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Is there any way to undo the effects of a method call in Java? I am trying to solve the following problem. I have a set of Java Objects, Lets call them object1, object2 etc. In my program I call the methods in these objects in the following order:

...

object1.method1(); // I assume JVM knows the internal state before and after this call

object2.method1();

object1.method2(); ...

I want to achieve the initial state of the program, without having to know myself what the method calls actually did. Does JVM allow me to get back to the state, before object1.method1() was called?

I understand that this means I need to do the following:

...

object1.UNDOmethod2();

object2.UNDOmethod1();

object1.UNDOmethod1();

...

But I am looking for a solution without having to write undo methods myself? I assume JVM would have the information to do this.. is this possible?

Thanks a million.

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up vote 2 down vote accepted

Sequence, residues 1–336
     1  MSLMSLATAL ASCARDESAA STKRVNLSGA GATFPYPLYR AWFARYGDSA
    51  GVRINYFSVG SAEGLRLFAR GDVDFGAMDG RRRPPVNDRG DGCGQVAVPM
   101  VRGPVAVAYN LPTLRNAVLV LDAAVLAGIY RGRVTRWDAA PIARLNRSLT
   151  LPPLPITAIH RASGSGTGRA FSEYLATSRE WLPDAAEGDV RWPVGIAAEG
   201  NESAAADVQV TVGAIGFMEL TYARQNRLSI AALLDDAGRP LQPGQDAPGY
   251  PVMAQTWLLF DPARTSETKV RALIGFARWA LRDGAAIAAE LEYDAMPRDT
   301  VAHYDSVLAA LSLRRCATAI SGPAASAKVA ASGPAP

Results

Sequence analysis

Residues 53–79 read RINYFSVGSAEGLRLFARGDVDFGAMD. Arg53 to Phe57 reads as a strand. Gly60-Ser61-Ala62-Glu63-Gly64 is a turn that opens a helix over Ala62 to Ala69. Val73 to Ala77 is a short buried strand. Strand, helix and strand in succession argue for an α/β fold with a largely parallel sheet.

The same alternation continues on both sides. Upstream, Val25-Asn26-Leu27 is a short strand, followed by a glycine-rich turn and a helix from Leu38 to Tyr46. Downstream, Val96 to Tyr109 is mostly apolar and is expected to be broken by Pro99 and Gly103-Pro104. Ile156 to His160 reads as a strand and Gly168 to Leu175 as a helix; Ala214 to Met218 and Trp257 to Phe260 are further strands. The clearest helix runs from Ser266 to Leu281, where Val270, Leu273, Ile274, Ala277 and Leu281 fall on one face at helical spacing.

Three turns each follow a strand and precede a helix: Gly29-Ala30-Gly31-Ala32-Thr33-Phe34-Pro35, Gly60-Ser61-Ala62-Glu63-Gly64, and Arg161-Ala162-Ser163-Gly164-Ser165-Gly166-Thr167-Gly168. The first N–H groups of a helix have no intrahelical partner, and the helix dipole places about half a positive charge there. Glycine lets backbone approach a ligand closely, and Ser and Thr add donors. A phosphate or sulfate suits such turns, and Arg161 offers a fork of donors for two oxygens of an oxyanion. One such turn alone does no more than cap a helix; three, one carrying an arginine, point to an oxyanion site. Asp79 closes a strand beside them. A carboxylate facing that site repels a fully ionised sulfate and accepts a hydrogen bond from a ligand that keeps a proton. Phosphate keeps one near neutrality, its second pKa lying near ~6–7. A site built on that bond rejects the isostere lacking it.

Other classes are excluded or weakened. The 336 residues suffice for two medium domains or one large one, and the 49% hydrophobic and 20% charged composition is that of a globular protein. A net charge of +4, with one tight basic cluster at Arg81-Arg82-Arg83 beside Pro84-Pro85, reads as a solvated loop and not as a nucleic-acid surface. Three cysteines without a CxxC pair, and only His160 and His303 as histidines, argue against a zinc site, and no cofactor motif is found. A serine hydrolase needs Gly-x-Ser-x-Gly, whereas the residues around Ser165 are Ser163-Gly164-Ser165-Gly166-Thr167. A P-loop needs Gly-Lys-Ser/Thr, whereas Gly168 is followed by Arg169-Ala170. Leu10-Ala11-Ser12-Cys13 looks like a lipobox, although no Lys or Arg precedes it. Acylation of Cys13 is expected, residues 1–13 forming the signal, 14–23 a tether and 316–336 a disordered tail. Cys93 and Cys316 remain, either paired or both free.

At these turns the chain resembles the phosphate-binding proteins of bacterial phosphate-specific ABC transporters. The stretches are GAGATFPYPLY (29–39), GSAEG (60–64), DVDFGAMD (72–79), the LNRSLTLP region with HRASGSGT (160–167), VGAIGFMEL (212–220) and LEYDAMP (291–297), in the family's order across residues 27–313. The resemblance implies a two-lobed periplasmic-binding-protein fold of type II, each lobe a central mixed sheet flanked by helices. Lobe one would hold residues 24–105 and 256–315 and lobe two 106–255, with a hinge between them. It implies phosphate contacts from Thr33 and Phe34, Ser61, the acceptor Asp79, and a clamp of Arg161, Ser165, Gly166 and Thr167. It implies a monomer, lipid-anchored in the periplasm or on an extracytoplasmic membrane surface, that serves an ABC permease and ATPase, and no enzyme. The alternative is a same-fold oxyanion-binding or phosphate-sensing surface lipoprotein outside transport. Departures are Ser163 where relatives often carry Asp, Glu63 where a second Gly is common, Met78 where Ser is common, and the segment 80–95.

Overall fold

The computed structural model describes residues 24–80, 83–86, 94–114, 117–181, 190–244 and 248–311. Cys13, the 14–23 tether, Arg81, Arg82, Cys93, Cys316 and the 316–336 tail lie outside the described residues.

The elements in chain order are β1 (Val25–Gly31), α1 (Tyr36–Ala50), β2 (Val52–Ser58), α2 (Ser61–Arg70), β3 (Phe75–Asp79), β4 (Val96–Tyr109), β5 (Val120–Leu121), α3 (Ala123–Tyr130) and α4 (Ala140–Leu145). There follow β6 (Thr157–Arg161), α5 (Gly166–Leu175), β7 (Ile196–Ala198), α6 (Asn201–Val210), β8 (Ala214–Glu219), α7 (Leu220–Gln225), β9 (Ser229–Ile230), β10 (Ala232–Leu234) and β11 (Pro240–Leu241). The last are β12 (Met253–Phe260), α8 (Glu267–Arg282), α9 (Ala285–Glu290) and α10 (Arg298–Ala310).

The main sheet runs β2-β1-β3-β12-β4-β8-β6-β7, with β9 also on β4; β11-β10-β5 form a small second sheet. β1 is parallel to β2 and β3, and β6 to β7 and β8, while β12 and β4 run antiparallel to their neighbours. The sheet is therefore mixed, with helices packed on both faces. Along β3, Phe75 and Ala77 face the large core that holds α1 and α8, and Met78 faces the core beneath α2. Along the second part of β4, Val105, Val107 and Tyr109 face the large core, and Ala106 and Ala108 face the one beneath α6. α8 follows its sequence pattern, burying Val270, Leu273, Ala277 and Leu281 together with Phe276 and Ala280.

Consider using a Java implementation of Software Transactional Memory, such as Deuce STM. Concretely, Deuce relies on using Java instrumentation. If you can change your implementation to modify only a single data structure as a result of several method calls, consider using Transactional Maps from Apache.

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The short answer is no. The JVM does not provide automated checkpoints of state that can be rolled back.

You could look at Continuations as a way to achieve this, though. You could then explicitly capture the program state between each method call and then roll back to the continuation that represents the historic state when you need to undo. See the following resources for more information about continuations in Java:

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I think this is not possible. Also, there are things that you simply can't undo: side effects. For example a system.out.println("hello world!"): once the JVM has executed that, you can't possibly undo it.

I think that you may want to undo are the changes to your data model (or values) that occurred after executing some method. In that case you may want to use the Command patterns and/or the Memento (or a combination of both).

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You can do this with Spring Transaction or JTA. However I don't see this as a simple answer. Instead I would use the following approach.

if(object1.isOkay1() && object2.isOkay2()) {
   object1.perform1();
   object2.perform2();
} else {
   // something went wrong.
}

perform1() and perform2() cannot throw an error or be rolled back.

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